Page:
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Do You Need to Topdress Winter Pasture?

Posted Jan. 1, 2006

When someone asks me, "Do I need to topdress my winter pasture?," my answer is, "It depends." Two things happened this growing season that will affect the need for topdressing winter pasture with nitrogen (N) fertilizer in the spring. First is the severe drought we experienced this fall, and second is the amount of N fertilizer applied at or since planting.

First, let's assume there was enough moisture to get a stand last fall, but, due to dry weather, little or no fall forage was produced. If 80 pounds of actual N per acre or more was applied, and spring forage demand for livestock is light, you may not need to topdress with additional N. Due to the lack of small grain forage production last fall, it is likely that most of the N applied will be carried over and used by the crop this spring.

Second, let's assume there is a stand, but no fertilizer has been applied to the crop, or there is going to be a high demand for small grain pasture this spring. If this is the case, then apply a topdress application of 60 to 80 pounds actual N per acre to enhance spring forage production.

Now, if you have determined there is a need to topdress with additional N, your next question might be, "Can I afford the fertilizer?" If you were to visit a local ag dealer or co-op and price urea fertilizer (46-0-0), you would learn that it is high (about $370 per ton). Both urea and UAN (32-0-0) are recommended N sources this time of year because of their cost per unit N and the low risk of N loss through the winter. Obviously, the cost of fertilizer right now is higher than usual, but will it pay? Let's take a look at a scenario that shows the economics of topdressing winter pasture this spring for grazeout. In this scenario, we are going to use a few proven assumptions in a winter pasture enterprise.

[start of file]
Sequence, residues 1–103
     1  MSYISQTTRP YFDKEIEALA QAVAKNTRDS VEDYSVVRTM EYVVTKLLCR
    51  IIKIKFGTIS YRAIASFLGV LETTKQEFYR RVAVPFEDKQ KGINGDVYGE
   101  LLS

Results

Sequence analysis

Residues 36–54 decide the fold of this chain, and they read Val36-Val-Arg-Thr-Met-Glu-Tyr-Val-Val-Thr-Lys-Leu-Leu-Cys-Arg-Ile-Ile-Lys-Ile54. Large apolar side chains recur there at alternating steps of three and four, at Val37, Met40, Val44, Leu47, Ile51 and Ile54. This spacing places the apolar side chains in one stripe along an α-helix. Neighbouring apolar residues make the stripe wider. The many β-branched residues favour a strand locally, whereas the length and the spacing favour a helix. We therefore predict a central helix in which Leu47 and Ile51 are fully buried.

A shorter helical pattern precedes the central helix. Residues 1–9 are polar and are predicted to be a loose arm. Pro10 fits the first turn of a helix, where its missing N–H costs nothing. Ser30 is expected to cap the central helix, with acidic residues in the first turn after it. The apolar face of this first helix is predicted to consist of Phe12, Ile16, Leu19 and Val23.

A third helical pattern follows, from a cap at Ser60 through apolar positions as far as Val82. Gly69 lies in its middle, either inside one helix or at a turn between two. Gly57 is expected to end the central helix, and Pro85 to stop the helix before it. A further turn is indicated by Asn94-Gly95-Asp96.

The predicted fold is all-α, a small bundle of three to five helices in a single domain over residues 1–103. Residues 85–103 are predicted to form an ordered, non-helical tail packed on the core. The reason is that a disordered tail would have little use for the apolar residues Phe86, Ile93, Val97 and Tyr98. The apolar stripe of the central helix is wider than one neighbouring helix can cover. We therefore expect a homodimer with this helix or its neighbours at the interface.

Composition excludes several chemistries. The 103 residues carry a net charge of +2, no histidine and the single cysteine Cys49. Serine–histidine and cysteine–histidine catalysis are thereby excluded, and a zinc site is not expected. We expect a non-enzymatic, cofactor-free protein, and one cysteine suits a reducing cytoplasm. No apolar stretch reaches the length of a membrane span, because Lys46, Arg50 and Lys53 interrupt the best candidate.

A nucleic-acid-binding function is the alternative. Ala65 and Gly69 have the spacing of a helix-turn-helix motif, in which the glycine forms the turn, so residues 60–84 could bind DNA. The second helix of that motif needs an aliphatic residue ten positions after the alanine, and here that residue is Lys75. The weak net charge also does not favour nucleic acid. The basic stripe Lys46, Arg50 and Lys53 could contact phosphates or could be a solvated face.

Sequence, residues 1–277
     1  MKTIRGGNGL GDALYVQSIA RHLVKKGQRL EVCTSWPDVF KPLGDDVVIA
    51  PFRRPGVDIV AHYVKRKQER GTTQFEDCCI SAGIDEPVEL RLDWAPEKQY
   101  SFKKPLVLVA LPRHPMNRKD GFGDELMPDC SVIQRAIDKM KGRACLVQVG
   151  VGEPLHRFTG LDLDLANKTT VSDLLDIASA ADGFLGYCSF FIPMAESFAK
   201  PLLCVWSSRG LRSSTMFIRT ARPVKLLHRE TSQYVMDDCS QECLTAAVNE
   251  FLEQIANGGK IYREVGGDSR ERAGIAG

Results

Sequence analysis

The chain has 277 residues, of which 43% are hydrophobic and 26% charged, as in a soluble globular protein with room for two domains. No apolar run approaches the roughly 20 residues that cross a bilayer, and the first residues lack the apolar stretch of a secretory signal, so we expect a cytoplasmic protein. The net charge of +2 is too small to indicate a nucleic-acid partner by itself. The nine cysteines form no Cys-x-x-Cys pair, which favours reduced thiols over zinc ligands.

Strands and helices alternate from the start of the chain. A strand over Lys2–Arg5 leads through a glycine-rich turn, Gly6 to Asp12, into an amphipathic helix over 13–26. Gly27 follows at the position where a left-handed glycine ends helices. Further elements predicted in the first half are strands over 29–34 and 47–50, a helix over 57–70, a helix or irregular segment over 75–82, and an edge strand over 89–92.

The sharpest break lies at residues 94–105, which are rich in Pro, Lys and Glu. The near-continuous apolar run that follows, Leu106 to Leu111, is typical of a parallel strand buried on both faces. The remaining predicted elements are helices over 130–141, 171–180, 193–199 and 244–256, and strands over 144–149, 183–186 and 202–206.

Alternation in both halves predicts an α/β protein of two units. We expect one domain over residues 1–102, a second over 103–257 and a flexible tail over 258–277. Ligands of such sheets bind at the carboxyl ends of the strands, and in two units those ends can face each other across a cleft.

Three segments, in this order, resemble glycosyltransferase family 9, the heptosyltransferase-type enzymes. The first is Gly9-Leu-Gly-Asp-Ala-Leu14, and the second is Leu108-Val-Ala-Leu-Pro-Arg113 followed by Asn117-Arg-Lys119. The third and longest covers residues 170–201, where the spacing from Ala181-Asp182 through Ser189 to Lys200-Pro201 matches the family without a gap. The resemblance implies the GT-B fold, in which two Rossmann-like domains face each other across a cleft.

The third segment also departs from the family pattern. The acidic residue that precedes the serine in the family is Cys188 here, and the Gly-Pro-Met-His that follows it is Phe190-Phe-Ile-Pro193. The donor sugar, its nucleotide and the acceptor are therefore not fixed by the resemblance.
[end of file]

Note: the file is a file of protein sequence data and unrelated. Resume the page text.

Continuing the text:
Assumptions:

  1. Cost of urea (46-0-0) fertilizer = $370/ton ($0.40/unit N)
  2. Fertilizer rate = 60 lbs. actual N per acre
  3. 1 lb. N yields 25 lbs. of small grain forage (spring phase)
  4. 10 lbs. of winter pasture equates to 1 lb. of beef gain
  5. 90% forage utilization by stockers
  6. Custom care rate = $0.35/lb. gain

Example:

  • $0.40/ unit N x 60 lbs. N per acre = $24/acre
  • 60 lbs. N per acre x 25 lbs. forage/pound N applied = 1,500 lbs. total forage/ac
  • 1,500 lbs. total forage/ac x 90% utilization by stockers = 1,350 lbs. available forage/ac
  • 1,350 lbs. available forage/ac / 10 lbs. of forage consumed = 135 lbs. beef gain/ac
  • 135 lbs. beef gain/ac x $0.35/lb. gain = $47.25

 

Of course, every situation is different, but this example points out the advantage of fertilizing that winter pasture this spring. A $24 per acre investment in N fertilizer can return almost $50 per acre if the weather cooperates for the rest of the growing season. If you have questions while trying to determine if you should topdress winter pasture this spring, contact a Noble Research Institute soil and crops specialist at (580) 224-6500.

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